By Rachel Brody |
An analysis of mass shootings in the United States of America reveals one variable that has remained remarkably consistent over time: The use of detachable, high-capacity ammunition magazines that hold more than 10 cartridges.
A recent study of mass shootings by the Citizens Crime Commission of New York City identified 30 such incidents from 1984 until the present in which semiautomatic firearms (either handguns or long guns) and high-capacity ammunition magazines were used. This includes Virginia Tech (2007), Northern Illinois University (2008), Fort Hood (2009), Tucson (2011), Aurora (2012), Oak Creek (2012), and Sandy Hook (2012).
It is notable that several of these shootings were stopped when the gunman attempted to reload his firearm, including the 1993 shooting on the Long Island Railroad, the 1998 shooting at Thurston High School in Oregon and, of course, Tucson.
In a dramatic statement made in an Arizona courtroom in November, Tucson victim Gabrielle Giffords and her husband Mark Kelly made it clear that politicians who refuse to see the connection between mass murder and high-capacity ammunition magazines are being willfully blind:
In this state we have elected officials so feckless in their leadership that they would say, as in the case of Governor Jan Brewer, 'I don't think it has anything to do with the size of the magazine or the caliber of the gun.' She went on and said, 'Even if the shooter's weapon had held fewer bullets, he'd have another gun, maybe. He could have three guns in his pocket.' She said this just one week after a high-capacity magazine allowed [gunman Jared Loughner] to kill six and wound 19 others, before being wrestled to the ground while attempting to reload.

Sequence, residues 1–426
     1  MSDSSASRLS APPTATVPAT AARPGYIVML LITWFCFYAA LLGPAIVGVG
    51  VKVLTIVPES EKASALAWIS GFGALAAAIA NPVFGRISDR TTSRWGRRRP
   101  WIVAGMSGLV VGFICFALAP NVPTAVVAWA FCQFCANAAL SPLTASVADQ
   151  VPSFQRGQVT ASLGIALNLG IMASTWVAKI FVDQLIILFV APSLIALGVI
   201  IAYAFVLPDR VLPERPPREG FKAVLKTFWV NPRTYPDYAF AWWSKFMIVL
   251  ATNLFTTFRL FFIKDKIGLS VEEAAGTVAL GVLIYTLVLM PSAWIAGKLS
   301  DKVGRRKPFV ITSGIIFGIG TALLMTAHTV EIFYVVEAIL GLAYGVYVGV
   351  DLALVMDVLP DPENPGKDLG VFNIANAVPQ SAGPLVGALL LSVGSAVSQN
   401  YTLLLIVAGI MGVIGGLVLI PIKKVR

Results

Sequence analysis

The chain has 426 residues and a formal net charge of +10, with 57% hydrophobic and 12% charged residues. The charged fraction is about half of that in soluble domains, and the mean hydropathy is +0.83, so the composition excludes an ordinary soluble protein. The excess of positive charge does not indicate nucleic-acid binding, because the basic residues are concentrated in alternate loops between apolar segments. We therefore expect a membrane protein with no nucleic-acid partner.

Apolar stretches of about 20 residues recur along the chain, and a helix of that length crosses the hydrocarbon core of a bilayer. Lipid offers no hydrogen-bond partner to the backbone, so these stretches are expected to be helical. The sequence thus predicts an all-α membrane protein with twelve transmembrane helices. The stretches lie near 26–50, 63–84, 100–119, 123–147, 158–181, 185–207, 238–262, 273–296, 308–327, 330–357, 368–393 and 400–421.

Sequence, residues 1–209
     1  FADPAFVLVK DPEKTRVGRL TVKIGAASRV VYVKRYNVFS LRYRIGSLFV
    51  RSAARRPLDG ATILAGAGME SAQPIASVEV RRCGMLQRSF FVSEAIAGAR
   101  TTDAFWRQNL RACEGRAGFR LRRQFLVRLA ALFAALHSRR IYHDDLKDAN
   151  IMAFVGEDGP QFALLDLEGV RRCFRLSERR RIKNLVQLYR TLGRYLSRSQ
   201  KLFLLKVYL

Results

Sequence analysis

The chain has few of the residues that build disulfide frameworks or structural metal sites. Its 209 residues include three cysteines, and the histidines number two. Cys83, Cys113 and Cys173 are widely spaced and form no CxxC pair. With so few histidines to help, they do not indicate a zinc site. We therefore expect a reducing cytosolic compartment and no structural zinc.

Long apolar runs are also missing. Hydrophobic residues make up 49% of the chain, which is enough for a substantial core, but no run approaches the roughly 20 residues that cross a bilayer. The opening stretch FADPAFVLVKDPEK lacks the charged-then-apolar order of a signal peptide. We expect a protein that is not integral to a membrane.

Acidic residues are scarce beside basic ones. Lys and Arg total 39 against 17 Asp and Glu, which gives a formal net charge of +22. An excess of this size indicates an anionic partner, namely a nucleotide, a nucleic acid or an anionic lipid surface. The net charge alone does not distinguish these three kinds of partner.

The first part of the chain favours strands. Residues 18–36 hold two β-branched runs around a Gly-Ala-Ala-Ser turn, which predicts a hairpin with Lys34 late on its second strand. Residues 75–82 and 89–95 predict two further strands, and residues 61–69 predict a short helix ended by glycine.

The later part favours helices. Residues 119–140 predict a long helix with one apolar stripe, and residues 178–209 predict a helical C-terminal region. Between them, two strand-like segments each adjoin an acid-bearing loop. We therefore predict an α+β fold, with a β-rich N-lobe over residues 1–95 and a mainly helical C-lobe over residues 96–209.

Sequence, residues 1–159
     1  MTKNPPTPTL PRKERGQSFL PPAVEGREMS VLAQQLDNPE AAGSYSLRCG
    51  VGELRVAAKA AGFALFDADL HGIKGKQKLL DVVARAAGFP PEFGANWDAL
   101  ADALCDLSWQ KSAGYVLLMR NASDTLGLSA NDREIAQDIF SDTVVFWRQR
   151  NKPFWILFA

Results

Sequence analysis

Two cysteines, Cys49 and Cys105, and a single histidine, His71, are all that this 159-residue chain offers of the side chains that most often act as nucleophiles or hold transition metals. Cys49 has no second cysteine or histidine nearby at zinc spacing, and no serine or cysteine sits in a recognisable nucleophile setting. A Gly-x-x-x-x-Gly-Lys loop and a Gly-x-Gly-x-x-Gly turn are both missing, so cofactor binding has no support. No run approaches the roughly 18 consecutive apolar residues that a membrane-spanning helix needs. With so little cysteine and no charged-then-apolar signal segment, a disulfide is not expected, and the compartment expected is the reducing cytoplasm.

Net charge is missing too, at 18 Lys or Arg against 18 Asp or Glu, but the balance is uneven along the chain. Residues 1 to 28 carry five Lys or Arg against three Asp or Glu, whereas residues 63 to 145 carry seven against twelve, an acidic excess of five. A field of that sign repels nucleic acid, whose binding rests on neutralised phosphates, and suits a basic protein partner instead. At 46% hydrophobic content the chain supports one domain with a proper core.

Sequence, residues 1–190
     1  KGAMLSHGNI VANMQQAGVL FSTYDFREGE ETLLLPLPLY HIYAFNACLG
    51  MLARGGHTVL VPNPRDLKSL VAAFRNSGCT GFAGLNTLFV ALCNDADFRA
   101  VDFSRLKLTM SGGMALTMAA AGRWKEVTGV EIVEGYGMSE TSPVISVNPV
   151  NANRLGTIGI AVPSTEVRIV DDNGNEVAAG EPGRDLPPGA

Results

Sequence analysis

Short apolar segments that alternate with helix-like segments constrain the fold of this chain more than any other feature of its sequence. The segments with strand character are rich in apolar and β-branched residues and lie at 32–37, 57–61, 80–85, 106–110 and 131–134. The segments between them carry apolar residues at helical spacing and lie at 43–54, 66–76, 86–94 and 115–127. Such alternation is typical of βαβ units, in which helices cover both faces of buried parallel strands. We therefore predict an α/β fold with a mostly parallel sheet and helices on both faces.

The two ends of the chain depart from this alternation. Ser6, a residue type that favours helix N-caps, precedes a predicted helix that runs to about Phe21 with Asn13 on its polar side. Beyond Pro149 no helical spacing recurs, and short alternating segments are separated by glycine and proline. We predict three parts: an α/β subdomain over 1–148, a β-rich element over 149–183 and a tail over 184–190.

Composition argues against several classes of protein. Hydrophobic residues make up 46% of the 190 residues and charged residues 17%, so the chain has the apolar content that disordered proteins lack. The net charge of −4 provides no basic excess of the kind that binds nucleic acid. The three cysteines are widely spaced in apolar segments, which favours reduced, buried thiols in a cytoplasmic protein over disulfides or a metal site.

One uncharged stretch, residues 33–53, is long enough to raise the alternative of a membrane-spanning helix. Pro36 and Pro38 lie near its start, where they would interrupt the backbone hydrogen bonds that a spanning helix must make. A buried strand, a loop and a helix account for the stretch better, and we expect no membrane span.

A ban on high-capacity magazines would not stop shootings in America, but it would make these incidents less lethal and save precious lives. It is appropriate that legislation to prohibit these magazines has been introduced in the House by Rep. Carolyn McCarthy of New York, whose husband was killed and son grievously wounded in the 1993 Long Island Railroad shooting, and Rep. Diana DeGette of Colorado, whose district includes Columbine High School.
They, as well as anyone, understand the continued price of inaction. And perhaps, after Sandy Hook, the American people do as well.
About Joshua Horwitz Executive Director of the Coalition to Stop Gun Violence
Gene Hoffman Chairman of the Calguns Foundation
Erich Pratt Director of Communications for Gun Owners of America
Josh Sugarmann Executive Director of the Violence Policy Center
Carolyn McCarthy Democratic Representative from New York